CSIF pulling a Clinton
No, no one named Monica is involved, but it appears that the Coalition to Support Iowa Farmers, a tool of the Farm Bureau, Pork Producers, Cattlemen, and Poultry groups here in Iowa, is trying to take over the term "sustainable" when defending confined animal livestock operations, or CAFOs.
Now, up to this point, the term "sustainable" has been used in agriculture as practices that do not pollute and destroy the environment, conserve soil and nutrients, reduce inputs, and overall, can continue from one generation to the next. Some would called these low input, some might say they are backwards, but at least there is an established definition for it in agriculture.
So, Aaron Putze of the CSIF is now trying to co-opt the term, just like Clinton did of various issues, for the advancement of his own talking points.
Describing a CAFO as "sustainable" is like Clinton saying he didn't have sex with Monica - the opposite is true, but they attempt to be slick enough to get their way on the issue.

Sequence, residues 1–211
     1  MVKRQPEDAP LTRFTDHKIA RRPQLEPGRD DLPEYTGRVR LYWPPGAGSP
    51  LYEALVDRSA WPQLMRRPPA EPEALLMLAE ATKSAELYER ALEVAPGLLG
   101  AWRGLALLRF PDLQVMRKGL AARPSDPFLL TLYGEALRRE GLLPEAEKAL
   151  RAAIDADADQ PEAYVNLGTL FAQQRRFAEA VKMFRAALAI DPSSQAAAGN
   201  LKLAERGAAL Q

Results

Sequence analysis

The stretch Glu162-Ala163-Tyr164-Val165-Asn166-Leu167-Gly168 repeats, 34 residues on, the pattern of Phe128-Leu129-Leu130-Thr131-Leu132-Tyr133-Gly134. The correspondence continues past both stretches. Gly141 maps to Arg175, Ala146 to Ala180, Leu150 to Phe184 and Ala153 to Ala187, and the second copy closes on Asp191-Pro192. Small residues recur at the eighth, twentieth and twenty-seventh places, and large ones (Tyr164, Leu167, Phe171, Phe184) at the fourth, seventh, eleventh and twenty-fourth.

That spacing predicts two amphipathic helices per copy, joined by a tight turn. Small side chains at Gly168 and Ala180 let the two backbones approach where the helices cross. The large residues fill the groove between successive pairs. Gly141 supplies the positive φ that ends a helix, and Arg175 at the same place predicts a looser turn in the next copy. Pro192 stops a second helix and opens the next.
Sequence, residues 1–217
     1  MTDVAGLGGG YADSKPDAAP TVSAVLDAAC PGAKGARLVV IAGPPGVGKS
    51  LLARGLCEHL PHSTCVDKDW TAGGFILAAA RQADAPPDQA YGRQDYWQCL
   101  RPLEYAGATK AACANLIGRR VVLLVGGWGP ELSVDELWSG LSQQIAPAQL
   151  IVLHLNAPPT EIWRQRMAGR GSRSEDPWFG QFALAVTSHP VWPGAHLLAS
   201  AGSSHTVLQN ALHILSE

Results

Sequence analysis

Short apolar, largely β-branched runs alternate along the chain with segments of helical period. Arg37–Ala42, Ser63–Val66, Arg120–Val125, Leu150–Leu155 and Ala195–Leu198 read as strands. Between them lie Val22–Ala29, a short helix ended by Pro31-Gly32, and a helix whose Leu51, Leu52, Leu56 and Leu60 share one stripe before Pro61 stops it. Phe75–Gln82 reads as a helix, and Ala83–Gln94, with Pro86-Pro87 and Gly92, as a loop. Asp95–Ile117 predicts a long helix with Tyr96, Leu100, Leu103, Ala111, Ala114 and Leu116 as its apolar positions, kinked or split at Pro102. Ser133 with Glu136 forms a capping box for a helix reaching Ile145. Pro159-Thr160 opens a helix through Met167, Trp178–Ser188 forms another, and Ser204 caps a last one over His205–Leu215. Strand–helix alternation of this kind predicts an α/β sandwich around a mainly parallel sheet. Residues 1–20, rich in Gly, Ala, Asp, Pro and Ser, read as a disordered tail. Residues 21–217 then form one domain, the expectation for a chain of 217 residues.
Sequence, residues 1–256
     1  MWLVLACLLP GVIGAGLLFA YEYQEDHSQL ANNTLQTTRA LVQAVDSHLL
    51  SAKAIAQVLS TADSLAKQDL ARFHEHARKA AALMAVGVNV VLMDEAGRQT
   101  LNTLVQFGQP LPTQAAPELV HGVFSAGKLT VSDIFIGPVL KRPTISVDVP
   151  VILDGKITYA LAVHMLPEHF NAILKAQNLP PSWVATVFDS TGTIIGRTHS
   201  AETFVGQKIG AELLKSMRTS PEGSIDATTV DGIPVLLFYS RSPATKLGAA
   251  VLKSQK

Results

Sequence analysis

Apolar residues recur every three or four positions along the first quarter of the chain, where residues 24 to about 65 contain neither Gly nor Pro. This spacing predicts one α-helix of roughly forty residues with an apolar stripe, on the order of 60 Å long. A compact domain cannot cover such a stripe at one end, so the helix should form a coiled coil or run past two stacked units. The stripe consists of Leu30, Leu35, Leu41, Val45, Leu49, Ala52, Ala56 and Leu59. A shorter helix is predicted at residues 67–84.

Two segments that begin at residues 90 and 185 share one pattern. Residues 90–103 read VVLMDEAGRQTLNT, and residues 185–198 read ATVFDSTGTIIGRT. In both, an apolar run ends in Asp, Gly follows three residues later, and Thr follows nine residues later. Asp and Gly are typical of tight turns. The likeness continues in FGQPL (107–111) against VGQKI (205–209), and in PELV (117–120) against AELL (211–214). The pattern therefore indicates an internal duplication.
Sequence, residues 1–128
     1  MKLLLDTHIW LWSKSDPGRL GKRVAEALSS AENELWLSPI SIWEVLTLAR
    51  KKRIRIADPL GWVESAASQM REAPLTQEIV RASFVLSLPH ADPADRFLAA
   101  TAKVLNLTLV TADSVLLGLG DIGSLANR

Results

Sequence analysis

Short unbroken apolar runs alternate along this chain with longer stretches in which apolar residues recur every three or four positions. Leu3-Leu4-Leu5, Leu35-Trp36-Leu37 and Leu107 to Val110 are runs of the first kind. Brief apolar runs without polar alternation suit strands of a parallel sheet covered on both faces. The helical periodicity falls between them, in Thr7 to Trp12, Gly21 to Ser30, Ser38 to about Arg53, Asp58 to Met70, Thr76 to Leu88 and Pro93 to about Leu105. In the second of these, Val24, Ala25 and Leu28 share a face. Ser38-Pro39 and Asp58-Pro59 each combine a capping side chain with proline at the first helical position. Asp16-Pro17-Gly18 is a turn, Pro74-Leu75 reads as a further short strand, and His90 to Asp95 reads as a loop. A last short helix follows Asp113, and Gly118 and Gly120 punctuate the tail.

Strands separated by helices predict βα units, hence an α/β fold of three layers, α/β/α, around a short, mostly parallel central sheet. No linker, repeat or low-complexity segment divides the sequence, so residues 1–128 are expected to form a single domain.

A CAFO is the antithesis of sustainable; how long could hogs survive in a confinement without A) propane to keep buildings warm in the winter, B) feed being brought to them by petroleum burning trucks, C) antibiotics to keep the pigs from getting sick, D) manure applicators to haul away their excrement, E) electricity to ventilate the hogs and keeping them from suffocating, F) a rural water supply pumping water to the pigs and to flush the manure, and G) a revolving labor crew to keep everything together? How sustainable is a system that depends on so much outside input?
Now, I realize in order to produce our food and fiber for our growing world we need to utilize our resources, even if some of them are not renewable. The type of farming I practice uses non-renewable fuels and inputs, I'll admit; it's not sustainable in its current situation, but at least I understand this, and am attempting to reduce inputs and produce my own when I can. I don't think anyone is labeling our current society as "sustainable"; we can "sustain" it for a while, but not indefinitely.
Check with people like Practical Farmers of Iowa or the Leopold Center about what "sustainable" is, and you'll find a very different definition than what Aaron Putze is saying.